NZ firm taking airlines into the cloud

Last updated 13:07 08/01/2013
Merlot Aero
INTO THE CLOUD: Merlot Aero chief executive Mark McCaughan.

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Airlines may be used to navigating the skies but many have not yet set a flight path into the cloud-based IT trend that is sweeping the globe.

But Auckland-based software-as-a-service company Merlot Aero believes the market is primed for its cloud-based programme which enables airlines to organise their day-to-day flight crew and aircraft operations through a web application.

From a small eight-person office Merlot Aero has picked up 24 contracts in the past 24 months in Asia, Australia and Canada, and is about to spread its wings into the United States.

The Merlot Aero software handles flight crew rosters and aircraft scheduling efficiently and with up-to-the-minute flexibility while complying with a myriad of aviation regulations.

Merlot's chief executive Mark McCaughan says such software programmes are common, but putting it in the cloud means airlines don't need to shell out for expensive servers to host the data and processing power behind the system.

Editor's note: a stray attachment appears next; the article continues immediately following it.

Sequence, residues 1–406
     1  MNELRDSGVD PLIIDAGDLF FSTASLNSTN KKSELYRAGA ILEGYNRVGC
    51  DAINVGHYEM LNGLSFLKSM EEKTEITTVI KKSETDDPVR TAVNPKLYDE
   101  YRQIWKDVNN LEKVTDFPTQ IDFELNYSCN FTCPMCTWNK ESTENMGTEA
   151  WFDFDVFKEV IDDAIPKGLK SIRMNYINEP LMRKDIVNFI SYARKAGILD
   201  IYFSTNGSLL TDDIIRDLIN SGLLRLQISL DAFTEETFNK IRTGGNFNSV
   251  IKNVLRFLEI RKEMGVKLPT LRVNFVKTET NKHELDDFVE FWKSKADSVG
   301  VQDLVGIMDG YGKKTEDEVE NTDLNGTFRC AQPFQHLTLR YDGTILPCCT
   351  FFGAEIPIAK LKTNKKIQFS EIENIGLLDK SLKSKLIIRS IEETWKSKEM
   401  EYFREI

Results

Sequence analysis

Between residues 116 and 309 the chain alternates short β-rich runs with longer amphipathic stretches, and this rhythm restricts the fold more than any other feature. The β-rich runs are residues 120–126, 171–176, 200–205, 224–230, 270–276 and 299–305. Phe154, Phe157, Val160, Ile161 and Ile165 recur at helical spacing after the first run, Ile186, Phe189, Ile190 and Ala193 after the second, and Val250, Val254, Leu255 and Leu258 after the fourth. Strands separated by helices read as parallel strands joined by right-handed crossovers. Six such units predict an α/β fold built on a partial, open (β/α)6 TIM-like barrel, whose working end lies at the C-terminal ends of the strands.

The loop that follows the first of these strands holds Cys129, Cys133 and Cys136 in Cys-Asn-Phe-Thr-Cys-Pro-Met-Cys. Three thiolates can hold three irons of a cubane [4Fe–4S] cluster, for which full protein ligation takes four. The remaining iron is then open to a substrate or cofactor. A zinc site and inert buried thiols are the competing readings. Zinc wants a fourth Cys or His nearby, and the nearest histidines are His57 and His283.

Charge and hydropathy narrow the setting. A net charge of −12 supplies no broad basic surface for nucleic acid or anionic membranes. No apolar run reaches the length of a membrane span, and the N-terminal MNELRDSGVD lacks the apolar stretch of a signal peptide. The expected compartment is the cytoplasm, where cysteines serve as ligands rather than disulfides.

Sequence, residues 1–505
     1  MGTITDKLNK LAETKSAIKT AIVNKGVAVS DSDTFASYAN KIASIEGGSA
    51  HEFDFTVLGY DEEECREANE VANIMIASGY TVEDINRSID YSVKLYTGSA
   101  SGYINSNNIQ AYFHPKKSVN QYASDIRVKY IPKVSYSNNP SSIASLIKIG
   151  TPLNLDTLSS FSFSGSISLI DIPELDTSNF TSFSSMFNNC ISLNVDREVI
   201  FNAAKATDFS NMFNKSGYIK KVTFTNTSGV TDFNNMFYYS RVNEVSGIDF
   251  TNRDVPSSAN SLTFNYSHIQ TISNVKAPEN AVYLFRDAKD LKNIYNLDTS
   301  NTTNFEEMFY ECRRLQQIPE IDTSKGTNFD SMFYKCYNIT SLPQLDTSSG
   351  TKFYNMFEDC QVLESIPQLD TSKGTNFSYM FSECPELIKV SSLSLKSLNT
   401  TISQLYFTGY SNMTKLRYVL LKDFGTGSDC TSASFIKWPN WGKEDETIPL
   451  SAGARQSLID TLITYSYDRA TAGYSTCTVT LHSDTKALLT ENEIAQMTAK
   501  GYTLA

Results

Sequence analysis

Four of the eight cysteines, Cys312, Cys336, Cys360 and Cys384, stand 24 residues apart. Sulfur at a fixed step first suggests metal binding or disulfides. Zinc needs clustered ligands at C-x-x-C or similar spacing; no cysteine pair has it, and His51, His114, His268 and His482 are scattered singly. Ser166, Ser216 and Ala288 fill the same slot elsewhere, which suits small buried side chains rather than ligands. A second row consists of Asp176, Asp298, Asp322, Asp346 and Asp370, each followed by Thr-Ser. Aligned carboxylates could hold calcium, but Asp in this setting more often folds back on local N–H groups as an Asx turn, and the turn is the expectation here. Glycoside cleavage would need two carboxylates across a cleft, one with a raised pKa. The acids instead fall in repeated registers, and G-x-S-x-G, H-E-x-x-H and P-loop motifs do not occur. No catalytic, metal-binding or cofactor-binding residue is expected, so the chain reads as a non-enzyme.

In addition McCaughan says the software's accessibility from mobile devices and an in-built messaging service similar to Facebook makes real-time communication with staff and suppliers far easier.

"The airlines that are making money and that are aggressively growing are the airlines that are looking at every cent they spend," he said.

"More traditional, or legacy, airlines like Air New Zealand and Qantas seem to be more conservative, the more nimble carriers like Virgin and the low cost carriers are more open to cost savings in this area."

The major benefits in cloud-based products were the ability to rapidly deploy the software in a matter of days and for less cost than going through an IT procurement process, he said.

Once set up, the resources could be scaled up at a moment's notice to match any growth or reduction in operations.

However, it was just one piece of a company's IT puzzle which included integration with existing services and staff training, among other operational hurdles.

McCaughan would not give away how much the company was turning over but said it was meeting some quite aggressive revenue targets and he expected to have about 15 new clients in the US alone by the end of 2013.

A global competitor, Sabre, was retiring one of its old software iterations and asking airlines to upgrade, which provided a chance for challengers to get a foot in the door.

Several years ago McCaughan sold a similar server-based aviation software product to an Accenture subsidiary called Navitaire, but then started Merlot Aero to mine the growing cloud-based market.

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Merlot Aero has 25 staff worldwide and its clients include Philippines airlines SE Air, Sriwijaya Air and Mandala from Indonesia, Air Asia from Malaysia and regional Express, SkyWest and SkyTrans in Australia.


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